Much attention was paid to the development of fundamental science in the Soviet Union. Talented people with powerful intellect were attracted to this field of activity. Vladimir Zuev headed the world's only research institute of Atmospheric Optics.
For a long period of time Siberia was considered and used as a place of exile for criminals to hard labor. And only in Soviet times, scientific centers and industrial enterprises began to be intensively created on this territory. Tomsk, an old Russian city, has long been considered a forge of qualified personnel. The local university trained specialists who, having received their education, dispersed throughout the territory from the Urals to the Pacific Ocean.
Vladimir Evseevich Zuev was born on January 29, 1925 in an ordinary Soviet family. Parents at that time lived in the taiga village of Malye Goly in the north-east of the Irkutsk region. My father worked in a procurement office. The mother was engaged in housekeeping. The main activity of the local population was fishing. Mushrooms and berries were collected in the taiga. They fished for furs and meat. In every house there was a hunting weapon, and the children knew how to handle it.
The child was prepared from an early age for an independent life in harsh climatic conditions. The future academician knew how to do all the housework. Chop wood. Draw water from the well. Fix the fence. Sew boots. Harness the horse, and go to a remote area for hay. He knew the habits of game animals and birds. He knew how to get both hazel grouse, and wood grouse, and hare, and red deer. Vladimir studied well at school. His favorite subjects were mathematics and physics.
In 1942, Zuev graduated from high school and went to work as a miner at a gold mine. Six months later, he was drafted into the army and sent to the war zone. Vladimir served in the artillery unit. After brief training, he was appointed chief computer officer at the division headquarters. In the summer of 1945, the artillery regiment took part in an offensive operation in the Manchurian direction. For accurate calculations and the issuance of instructions to the target, the soldier Zuev received a commendation from the command. After demobilization in 1946, Vladimir Evseevich left for Tomsk.
Zuev passed the entrance exams the first time, and he was enrolled in the physics department of the famous Tomsk University. An active and purposeful student from the first year began to engage in research work. It so happened that Vladimir had to work as a laboratory assistant at the Department of Optics and Spectrographic Analysis. The observant student quickly grasped the essence of the experiments being carried out and made some interesting suggestions. Already in his third year, Zuev published an article on the methods of spectral analysis of minerals in a scientific journal.
In 1951, Vladimir Zuev defended his thesis and entered graduate school. According to the regulations in force in those years, three years later, after successfully defending his thesis, he received the title of candidate of physical and mathematical sciences. Over the next fifteen years, he was engaged in scientific activities within the walls of the Siberian Institute of Physics and Technology. During that period, the confrontation between the USSR and the United States sharply escalated. Competition fully extended to the field of scientific research.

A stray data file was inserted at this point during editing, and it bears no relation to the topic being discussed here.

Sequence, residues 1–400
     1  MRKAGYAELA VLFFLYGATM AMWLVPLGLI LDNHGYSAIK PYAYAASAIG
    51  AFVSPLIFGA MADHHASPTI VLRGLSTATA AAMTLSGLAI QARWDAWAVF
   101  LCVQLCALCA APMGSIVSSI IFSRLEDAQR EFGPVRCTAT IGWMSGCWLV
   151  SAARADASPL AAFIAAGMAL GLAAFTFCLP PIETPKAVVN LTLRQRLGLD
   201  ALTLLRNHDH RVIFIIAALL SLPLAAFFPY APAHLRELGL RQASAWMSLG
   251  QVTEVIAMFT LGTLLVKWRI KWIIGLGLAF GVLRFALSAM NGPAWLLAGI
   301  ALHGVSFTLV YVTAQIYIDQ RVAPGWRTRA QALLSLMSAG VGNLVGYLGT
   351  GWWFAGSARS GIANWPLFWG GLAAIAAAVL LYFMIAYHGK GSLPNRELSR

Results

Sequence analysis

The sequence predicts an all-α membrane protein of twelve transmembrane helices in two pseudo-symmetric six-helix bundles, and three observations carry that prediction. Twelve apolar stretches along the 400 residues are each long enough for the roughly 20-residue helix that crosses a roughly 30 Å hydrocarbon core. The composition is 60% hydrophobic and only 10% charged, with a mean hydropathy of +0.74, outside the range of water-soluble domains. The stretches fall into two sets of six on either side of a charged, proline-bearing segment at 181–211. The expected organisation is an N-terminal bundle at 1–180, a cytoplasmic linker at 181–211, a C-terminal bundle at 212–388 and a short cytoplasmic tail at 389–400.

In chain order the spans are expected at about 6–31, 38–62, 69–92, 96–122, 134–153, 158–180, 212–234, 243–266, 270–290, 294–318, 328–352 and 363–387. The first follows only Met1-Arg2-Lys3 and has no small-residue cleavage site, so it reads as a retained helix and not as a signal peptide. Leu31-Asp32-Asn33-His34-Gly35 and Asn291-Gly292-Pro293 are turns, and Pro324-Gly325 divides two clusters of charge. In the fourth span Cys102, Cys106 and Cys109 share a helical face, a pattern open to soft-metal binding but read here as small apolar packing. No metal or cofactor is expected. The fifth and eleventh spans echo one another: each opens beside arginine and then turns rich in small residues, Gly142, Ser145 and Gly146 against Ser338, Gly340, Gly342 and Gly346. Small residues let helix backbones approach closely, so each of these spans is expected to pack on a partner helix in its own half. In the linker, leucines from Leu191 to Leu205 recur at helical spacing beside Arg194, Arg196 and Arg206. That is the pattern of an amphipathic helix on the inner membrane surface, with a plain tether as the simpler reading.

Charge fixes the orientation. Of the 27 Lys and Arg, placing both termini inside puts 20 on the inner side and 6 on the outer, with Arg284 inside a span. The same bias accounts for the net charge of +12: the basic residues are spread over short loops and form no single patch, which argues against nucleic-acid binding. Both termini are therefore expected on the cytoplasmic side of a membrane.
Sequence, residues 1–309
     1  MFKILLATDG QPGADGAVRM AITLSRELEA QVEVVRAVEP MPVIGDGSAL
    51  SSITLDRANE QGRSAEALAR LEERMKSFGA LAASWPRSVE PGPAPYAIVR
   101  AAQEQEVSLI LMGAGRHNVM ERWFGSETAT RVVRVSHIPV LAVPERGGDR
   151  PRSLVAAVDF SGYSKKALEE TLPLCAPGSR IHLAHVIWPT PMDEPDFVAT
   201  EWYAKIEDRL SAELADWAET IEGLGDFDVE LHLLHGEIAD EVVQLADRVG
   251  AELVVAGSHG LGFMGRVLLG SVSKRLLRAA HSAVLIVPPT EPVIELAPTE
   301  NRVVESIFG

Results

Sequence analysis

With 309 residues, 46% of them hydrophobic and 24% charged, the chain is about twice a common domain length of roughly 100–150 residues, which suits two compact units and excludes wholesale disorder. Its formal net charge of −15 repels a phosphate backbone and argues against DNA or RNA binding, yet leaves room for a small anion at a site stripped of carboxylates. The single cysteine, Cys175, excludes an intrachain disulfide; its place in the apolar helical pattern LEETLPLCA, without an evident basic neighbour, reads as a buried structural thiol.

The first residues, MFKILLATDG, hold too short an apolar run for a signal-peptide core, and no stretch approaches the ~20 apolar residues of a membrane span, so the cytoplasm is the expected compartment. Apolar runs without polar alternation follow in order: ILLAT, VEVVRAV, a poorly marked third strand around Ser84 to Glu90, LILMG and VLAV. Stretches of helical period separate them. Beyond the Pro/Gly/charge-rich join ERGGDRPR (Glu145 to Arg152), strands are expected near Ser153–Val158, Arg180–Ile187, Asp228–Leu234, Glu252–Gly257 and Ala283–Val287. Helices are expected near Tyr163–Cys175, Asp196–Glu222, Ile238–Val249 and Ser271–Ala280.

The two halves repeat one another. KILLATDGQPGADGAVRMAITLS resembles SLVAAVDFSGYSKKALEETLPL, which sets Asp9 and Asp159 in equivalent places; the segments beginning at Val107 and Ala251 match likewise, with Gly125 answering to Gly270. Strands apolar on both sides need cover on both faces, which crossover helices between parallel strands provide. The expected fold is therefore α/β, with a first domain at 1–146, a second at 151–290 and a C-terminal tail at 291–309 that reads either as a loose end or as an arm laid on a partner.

To uncover the secrets of nature and to penetrate into the essence of processes, a scientist needs a variety of tools. One of these tools is the laser. This optoelectronic device was created by Soviet scientists. However, like any measuring device, it must have certain technical characteristics. In 1969, Vladimir Evseevich Zuev was instructed to form the Department of Optoelectronic Devices at Tomsk University. The department began to train specialized specialists. At the same time, the foundations were laid for the Institute of Atmospheric Optics under the auspices of the Siberian Branch of the USSR Academy of Sciences.
Essays on personal life
Scientific creativity requires not only intellectual resources, but also intuition. The Institute of Atmospheric Optics has concentrated a powerful organizational and technical potential within its walls. The specialists who were invited to the institute were given complete freedom in generating ideas and setting up experiments. Director Zuev managed to identify promising areas of research, attract engineers and theorists, and systematically monitor the state of affairs of foreign competitors. As a result of an integrated approach, the goals set by the party and the government were achieved.
In 1975, the director of the Institute of Atmospheric Optics, Vladimir Evseevich Zuev, was awarded the Order of the Red Banner of Labor. At the end of 1981 he was accepted as a full member of the Academy of Sciences of the USSR. Of course, behind this man was a large team of like-minded people, enthusiastic people who first of all thought about the Motherland, and then about themselves. Through the efforts of Zuev, the International Research Center for Environmental Physics and Ecology was formed in Tomsk. Foreign colleagues were sincerely surprised at such a turn of scientific research “in the depths of Siberian ores”.
Everything is known about the personal life of the Academician and the organizer of Siberian Science. Vladimir Evseevich didn’t make a secret of this topic, but he also didn’t like to put “underwear” on public display. Zuev got married as a student. The husband and wife studied at the same university, but at different faculties. They have lived a long and meaningful life. Everyone contributed to the development of their hometown. The couple raised and raised three children. Two daughters and a son.